New northern rail franchises 'must scrap Pacer trains'
The government has confirmed it wants to scrap the 30-year-old Pacer trains on railways in northern England.
Companies bidding for the government's new rail franchises in the North will be required to replace them by 2020, the Department For Transport said.
Northern and TransPennine bidders will have to add 200 new train services daily and accommodate 19,000 extra Manchester commuters.
Built in the 1980s, Pacers were intended for short-term use.
Transport Secretary Patrick McLoughlin said: "Pacers have had their day, they are not suitable for modern commuting.
"There was a bit of pressure on us not to push this forward because people were arguing the financing did not match up, we have decided we are going ahead."
102 trains are operated by Northern Rail
50 were first ordered in 1984
48 people can be seated with standing room for 19
75mph is their top speed
But Mick Cash, general secretary of the RMT transport union, said: "Any new trains are light years away with passengers forced to endure the misery of the clapped-out Pacers, and the ancient London Underground rolling stock that's heading north, way off into the future.
"The tender documents allow bidders to axe guards and move to driver-only operation, compromising safety in the interests of private profit."
Shadow transport secretary Michael Dugher added: "If we had a new piece of rolling stock for every time ministers 'announced' the end of the Pacer trains, the network would be full of shiny new carriages."
The Pacer trains would contravene disability discrimination legislation from 2020.
The transport select committee is meeting next month to take evidence from Mr McLoughlin to examine the specification for the Northern and TransPennine Express franchises and question him on the future of Pacer trains currently in use in Wales and the south-west.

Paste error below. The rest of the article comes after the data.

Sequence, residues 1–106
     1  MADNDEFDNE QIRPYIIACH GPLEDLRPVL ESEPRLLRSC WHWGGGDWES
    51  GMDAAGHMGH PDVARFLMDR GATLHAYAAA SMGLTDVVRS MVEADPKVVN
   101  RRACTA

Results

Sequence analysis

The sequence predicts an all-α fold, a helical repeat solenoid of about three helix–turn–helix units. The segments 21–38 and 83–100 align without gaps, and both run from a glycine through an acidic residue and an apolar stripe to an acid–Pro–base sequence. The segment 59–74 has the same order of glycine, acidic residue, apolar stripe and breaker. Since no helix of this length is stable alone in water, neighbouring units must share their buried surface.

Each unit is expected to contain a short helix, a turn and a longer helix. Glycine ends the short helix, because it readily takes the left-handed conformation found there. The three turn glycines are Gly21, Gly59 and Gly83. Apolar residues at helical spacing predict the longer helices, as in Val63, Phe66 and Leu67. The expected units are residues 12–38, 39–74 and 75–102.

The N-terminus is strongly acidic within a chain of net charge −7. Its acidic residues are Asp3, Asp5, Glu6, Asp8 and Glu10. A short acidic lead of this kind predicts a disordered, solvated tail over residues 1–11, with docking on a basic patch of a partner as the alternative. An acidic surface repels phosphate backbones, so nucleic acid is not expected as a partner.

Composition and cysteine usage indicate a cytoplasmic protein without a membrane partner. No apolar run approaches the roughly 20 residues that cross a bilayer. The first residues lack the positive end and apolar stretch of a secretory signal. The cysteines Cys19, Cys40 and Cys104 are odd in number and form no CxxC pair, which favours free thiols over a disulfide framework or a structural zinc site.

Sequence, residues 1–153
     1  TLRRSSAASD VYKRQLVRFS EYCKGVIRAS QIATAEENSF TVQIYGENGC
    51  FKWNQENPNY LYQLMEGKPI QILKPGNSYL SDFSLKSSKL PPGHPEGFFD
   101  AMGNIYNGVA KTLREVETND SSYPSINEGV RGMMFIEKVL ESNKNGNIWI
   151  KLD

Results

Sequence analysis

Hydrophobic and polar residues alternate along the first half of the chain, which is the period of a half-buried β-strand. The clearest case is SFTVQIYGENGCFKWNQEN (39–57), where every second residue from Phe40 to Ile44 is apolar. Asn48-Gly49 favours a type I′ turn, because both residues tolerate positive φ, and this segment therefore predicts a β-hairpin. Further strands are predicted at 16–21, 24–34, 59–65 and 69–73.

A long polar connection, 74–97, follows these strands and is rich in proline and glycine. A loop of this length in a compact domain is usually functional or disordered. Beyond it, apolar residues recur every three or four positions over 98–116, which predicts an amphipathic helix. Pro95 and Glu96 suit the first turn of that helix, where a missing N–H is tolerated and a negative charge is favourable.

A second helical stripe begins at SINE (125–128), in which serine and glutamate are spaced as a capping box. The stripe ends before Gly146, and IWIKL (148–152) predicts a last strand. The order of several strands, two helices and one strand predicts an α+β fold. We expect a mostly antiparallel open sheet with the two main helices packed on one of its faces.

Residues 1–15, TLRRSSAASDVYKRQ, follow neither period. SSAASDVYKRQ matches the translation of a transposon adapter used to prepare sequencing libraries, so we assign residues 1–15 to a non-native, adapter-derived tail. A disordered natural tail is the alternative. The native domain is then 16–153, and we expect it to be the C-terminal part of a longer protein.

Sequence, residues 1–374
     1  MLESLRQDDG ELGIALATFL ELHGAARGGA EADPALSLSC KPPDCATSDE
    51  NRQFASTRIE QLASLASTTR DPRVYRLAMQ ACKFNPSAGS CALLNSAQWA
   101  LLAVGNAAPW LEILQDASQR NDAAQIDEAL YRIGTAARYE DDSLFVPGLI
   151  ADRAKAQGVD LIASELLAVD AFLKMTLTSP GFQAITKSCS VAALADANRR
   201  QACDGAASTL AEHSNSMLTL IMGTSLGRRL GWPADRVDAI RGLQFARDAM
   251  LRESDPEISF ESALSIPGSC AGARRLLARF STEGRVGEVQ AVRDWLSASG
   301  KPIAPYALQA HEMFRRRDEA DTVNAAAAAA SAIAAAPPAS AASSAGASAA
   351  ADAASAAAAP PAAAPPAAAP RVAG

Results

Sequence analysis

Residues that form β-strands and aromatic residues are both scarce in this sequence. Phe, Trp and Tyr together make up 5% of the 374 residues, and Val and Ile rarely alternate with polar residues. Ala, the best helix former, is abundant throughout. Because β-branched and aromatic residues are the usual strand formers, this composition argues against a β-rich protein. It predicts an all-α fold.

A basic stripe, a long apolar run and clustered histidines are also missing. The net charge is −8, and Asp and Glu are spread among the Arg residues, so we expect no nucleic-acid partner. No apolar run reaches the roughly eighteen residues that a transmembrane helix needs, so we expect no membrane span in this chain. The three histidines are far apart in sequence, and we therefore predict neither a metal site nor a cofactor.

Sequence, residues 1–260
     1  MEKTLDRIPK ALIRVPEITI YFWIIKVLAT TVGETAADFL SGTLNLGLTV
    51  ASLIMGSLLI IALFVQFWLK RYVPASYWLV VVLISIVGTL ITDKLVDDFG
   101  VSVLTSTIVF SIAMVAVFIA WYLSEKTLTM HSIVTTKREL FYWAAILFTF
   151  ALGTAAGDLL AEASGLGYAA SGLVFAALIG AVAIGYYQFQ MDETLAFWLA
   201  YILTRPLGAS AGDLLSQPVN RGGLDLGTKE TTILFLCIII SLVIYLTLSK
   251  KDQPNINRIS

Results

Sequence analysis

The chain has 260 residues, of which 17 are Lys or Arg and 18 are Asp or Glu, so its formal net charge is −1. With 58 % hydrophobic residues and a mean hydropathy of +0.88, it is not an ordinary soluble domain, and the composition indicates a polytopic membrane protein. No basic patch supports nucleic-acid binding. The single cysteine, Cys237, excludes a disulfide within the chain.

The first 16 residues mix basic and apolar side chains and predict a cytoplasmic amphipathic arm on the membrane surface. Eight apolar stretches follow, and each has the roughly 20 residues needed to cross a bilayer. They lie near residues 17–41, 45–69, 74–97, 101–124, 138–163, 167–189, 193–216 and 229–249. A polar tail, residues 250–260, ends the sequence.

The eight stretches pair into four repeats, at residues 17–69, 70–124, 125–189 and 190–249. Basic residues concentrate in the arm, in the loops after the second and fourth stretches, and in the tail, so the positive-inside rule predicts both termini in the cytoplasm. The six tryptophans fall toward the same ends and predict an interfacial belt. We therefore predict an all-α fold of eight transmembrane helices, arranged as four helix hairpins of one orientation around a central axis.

The chairman of the committee, Liverpool Riverside MP Louise Ellman, said: "It is unacceptable that Pacer trains - built in the mid-1980s and of questionable safety - are still in use on busy rail lines."
Judy Hobson, Environment Correspondent, BBC North West Tonight
Boneshakers, cattle trucks, bus bodies... call them what you like, no-one likes pacers.
They're outdated, cramped and uncomfortable - they screech when they go round corners and when they pull into stations.
They were built in the 1980s as a stop-gap due to a lack of rolling stock - but a lack of investment in the northern rail network has kept them in service.
Commuters at Manchester's Victoria Station said they were delighted to hear the pacers' days are numbered.
One woman said the carriages shake so much she'd given up trying to read books, while a man said he didn't feel safe on them when they were crowded.
There are no details yet on what will replace them and it won't happen overnight, but passengers clearly can't wait to see the back of them.
Resembling the body of a bus with train wheels bolted on, Pacers are still being used on the railways across the north of England even though they were supposed to be a temporary solution to a rolling stock shortage.
It was thought the trains would have a 20-year lifespan but they currently run on routes in Greater Manchester, Merseyside, Lancashire, Cheshire, Yorkshire, Teesside, Northumberland and Cumbria.
Prime Minister David Cameron signalled in November that the Government was considering scrapping Pacers.
The Northern franchise operates local, commuter and rural services and long-distance services linking major cities and towns such as Leeds, Sheffield, Nottingham, York, Manchester, Bradford, Preston and Blackpool.
The TransPeninne Express (TPE) franchise provides longer-distance intercity-type services, connecting Newcastle, Leeds, Sheffield, Manchester, Hull, Liverpool, Edinburgh and Glasgow, as well as Manchester Airport.
Companies shortlisted to run the new franchises were announced in August. Competing for Northern are Arriva, Govia and Abellio, while on the shortlist for TPE are FirstGroup, Keolis/Go Ahead and Stagecoach.
Firm Vivarail is in talks with some of the operators competing for the franchises, offering them the use of converted London Underground trains.